Monday, July 16, 2012

Every July Twelfth is 1969 in Northern Ireland

Every summer in Northern Ireland is the marching season when the three main Protestant marching orders (the Orange Order, the Apprentice Boys, the Royal Black Institution) hold parades  to commemorate important events from the past. The most important of those three orders by far is the Orange Order (every Northern Ireland premier between 1922 and 1972 was a member) and the most important parade is held annually on July 12th to commemorate King William of Orange's victory over the forces of King James II in the Battle of the Boyne in 1690 that guaranteed Protestantism in the United Kingdom and also kept Catholicism as a minority religion. The Orange Order was founded in 1795 to fight the Defenders, a Catholic organization, for control of areas in Ulster. What happens on the Twelfth is a good barometer of the atmospherics in the peace process and ethnic relations in the province.

Netanyahu's True Views Revealed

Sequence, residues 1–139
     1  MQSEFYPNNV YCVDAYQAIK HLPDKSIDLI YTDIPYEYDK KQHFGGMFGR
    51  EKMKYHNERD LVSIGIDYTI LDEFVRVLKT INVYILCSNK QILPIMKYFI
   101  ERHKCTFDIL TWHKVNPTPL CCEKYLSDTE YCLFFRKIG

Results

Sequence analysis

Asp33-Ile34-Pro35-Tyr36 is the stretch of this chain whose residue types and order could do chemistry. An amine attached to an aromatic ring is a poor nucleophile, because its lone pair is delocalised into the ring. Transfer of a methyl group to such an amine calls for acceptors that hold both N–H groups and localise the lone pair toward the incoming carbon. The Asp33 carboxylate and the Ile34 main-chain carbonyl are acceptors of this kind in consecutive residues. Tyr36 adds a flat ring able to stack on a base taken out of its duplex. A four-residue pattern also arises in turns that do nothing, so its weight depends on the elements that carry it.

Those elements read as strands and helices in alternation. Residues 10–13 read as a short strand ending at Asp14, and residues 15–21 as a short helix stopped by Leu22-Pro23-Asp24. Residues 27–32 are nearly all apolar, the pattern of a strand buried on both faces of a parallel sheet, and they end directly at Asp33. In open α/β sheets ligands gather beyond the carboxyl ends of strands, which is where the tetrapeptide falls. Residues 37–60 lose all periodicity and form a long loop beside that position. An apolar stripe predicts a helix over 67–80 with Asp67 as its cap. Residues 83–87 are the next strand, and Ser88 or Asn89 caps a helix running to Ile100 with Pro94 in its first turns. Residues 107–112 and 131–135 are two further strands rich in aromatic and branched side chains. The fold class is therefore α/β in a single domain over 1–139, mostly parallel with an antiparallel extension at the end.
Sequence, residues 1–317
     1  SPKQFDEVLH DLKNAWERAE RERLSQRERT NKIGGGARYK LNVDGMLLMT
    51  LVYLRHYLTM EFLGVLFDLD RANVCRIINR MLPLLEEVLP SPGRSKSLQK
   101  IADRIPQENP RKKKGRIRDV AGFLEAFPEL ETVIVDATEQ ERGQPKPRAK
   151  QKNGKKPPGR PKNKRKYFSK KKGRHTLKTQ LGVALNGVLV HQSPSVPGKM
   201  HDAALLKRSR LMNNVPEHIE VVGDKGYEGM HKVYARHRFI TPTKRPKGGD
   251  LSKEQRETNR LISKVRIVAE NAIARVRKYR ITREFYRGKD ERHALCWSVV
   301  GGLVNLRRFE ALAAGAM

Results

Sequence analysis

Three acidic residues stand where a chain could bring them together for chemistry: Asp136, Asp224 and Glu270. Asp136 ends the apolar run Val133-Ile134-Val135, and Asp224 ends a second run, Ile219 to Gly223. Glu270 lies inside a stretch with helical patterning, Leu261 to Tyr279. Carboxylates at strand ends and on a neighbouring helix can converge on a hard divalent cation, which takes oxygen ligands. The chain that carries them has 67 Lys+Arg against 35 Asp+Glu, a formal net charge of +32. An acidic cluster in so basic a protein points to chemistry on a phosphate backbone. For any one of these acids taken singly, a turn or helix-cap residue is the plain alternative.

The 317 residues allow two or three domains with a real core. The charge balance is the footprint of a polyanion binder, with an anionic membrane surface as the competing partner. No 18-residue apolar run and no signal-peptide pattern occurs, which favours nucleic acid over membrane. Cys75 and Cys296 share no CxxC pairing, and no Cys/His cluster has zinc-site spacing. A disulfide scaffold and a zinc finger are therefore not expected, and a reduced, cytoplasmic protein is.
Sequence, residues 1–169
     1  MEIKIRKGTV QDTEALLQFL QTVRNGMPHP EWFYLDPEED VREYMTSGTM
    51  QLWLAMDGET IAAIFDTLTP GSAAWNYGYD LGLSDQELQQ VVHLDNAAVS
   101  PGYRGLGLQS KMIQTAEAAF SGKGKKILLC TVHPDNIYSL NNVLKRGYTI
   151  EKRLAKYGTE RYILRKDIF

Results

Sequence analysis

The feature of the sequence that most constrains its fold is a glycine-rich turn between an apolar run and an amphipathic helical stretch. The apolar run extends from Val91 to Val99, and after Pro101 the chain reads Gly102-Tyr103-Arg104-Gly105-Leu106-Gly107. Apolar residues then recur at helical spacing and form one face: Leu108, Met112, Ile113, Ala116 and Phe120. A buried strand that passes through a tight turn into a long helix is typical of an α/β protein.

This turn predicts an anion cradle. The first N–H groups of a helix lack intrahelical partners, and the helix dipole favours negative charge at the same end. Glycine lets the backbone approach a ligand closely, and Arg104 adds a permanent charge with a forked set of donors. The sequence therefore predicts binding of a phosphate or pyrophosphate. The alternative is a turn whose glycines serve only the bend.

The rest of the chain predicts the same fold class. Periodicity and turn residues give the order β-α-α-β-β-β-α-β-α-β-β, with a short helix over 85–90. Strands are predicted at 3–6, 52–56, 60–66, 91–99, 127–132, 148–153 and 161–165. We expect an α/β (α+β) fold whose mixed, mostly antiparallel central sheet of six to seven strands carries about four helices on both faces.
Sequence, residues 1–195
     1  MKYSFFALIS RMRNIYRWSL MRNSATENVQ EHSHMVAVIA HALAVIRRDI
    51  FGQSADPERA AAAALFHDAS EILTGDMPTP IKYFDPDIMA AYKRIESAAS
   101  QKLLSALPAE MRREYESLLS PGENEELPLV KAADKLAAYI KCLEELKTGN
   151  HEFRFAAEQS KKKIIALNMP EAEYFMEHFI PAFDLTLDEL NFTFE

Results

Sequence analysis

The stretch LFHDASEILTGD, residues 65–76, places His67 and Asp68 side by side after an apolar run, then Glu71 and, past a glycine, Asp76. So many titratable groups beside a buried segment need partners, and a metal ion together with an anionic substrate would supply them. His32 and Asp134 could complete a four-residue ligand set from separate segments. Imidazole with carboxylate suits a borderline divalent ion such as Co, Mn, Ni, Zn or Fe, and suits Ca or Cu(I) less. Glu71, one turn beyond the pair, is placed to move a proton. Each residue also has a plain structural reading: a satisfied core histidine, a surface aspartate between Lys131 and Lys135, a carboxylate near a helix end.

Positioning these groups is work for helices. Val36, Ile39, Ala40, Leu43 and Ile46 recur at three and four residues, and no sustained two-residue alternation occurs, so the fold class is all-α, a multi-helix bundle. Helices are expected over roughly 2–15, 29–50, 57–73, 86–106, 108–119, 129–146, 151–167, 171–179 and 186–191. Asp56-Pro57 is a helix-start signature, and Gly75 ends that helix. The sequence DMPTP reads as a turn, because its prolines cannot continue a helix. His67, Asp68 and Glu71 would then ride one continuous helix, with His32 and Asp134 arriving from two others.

Last week a committee appointed by Prime Minister Benjamin Netanyahu, the Levy Committee, to look into the future of the West Bank made its recommendation. Not surprisingly considering the composition of the governing coalition made up mainly of parties from the secular Right and religious Right, the committee did not recommend either leaving the territory or ending settlement, but rather argued that the occupation does not exist. This was straight out of Neo-Revisionist ideology. The argument is that because Israel conquered Judea and Samaria i.e. the West Bank from Jordan in 1967 and only two countries (Britain and Pakistan) had recognized Jordan's annexation of the West Bank in 1950, then Israel has as much right to the West Bank as the Palestinians who rejected the 1947 partition plan. The trouble with this logic is if one thief steals from another thief that does not make him the legal owner under the law.